Classic World Cinema by Courtyard Gallery will present Hour of the Wolf Friday, Nov. 21, at 8 p.m. at Phil Mechanic Studios, 109 Roberts St., River Arts District (upstairs in the Railroad Library). Info: 273-3332, www.ashevillecourtyard.com
In Brief: Will Rogers once called John Ford’s Judge Priest the best movie he ever made. Of course, he was promoting the film when he said that. Whether or not it’s quite true, it’s easily his most controversial — and most problematic for modern viewers. The story — adapted from the writings of American humorist and occasional actor Irvin S. Cobb — takes place in a heavily romanticized 19th-century small town in Kentucky where the Civil War and the Confederacy are very much a part of everyday life. In fact, most of the characters — including Rogers’ title character — are Confederate veterans. It can be easy to take this undeniably sentimental and sympathetic approach to the Confederacy at face value — especially with Stepin Fetchit (here given special billing) as Rogers’ servant and confidante, Jeff Poindexter — and think of the movie as racist and reactionary. And to some degree it is, but this is Ford, and nothing is as easy as it seems. The film — while clearly celebrating a glamorized view of the Old South — lays bare the hypocrisy, pomposity and bigotry that lies beneath the outward gentility of this world. Judge Priest himself is a champion of the disenfranchised and the social outcasts — a man who honors the glorified past but recognizes its shortcomings and injustices. Take it in the context of its time and as a fairly major work of a major filmmaker.
The Asheville Film Society will screen Judge Priest Tuesday, Nov. 25, at 8 p.m. in Theater Six at The Carolina Asheville and will be hosted by Xpress movie critics Ken Hanke and Justin Souther.
In Brief: This is a make-up showing of The Day Carl Sandburg Died, which the Hendersonville Film Society had slated to run some considerable time ago. The film is a scrupulously detailed, reasonably comprehensive and beautifully presented documentary on the great American poet Carl Sandburg from Asheville filmmaker Paul Bonesteel. Whatever you think you know about Sandburg, I suspect this movie — and the people in it — know more than you do, and it’s quite a pleasure to find out.
The Hendersonville Film Society will show The Day Carl Sandburg Died Sunday, Nov. 23, at 2 p.m. in the Smoky Mountain Theater at Lake Pointe Landing Retirement Community (behind Epic Cinemas), 333 Thompson St., Hendersonville.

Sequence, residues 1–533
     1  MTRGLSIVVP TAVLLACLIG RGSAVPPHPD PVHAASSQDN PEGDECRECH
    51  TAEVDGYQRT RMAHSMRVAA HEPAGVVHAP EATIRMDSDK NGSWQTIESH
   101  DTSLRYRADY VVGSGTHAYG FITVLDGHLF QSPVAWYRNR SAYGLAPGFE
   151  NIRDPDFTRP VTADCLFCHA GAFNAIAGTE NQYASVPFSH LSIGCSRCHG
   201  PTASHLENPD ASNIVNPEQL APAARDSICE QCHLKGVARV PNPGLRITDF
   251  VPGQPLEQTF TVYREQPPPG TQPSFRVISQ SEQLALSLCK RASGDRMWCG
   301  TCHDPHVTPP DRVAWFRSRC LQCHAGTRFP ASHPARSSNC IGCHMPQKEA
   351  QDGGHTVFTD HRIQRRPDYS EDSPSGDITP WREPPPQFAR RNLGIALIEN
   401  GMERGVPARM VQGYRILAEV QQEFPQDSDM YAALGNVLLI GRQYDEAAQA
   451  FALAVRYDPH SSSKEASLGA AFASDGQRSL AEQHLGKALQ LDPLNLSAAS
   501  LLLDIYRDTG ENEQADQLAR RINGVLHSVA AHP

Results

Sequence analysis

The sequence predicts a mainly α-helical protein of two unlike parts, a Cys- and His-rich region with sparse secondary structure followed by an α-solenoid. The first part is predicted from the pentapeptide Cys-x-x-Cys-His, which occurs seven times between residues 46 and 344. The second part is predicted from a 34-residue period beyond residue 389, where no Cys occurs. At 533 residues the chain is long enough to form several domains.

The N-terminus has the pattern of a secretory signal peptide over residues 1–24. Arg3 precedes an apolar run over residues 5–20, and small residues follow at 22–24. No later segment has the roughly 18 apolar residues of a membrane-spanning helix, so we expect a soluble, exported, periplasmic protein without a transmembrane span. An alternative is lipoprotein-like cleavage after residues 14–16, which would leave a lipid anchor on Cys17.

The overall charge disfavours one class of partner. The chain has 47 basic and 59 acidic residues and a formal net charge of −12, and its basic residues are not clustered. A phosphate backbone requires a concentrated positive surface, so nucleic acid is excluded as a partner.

In Brief: For their final Budget Big Screen film of 2014 (the free Tuesday and Thursday showings will continue through the winter and the BBS series will return in the spring), the Asheville Film Society is running Charles Chaplin’s first talkie, The Great Dictator (1940). Chaplin held out against talking pictures longer than anyone — feeling that dialogue would kill his Little Tramp character, but this was something different. While vestiges of the Tramp were certainly evident in his Jewish Barber character, the larger thrust here was Chaplin’s satire on Adolf Hitler — here presented by Chaplin as Adenoid Hynkel, the great dictator of the title. It was perhaps an act of revenge of a sort, since Hitler had co-opted Chaplin’s mustache. But there’s more here — much more. Chaplin had something to say, and he would use his newfound voice to say it. His Hynkel is an amazing caricature of Hitler — the garbled phony German speeches sound like the real thing — and represents some of Chaplin’s finest comedic moments. However there’s a deeper — frankly terrifying — aspect to this bold film, which is brazenly set in the period “between two world wars” — something that in 1940 was inevitable, but which was rarely expressed openly. It is Chaplin at his best and bravest — a genuine classic of film by one of its greatest masters at the height of his power.
The Asheville Film Society is showing The Great Dictator Wednesday, Nov. 19, at 7:30 p.m. at The Carolina Asheville as part of the Budget Big Screen series. Admission is $6 for AFS members and $8 for the general public. Xpress movie critics Ken Hanke and Justin Souther will introduce the film.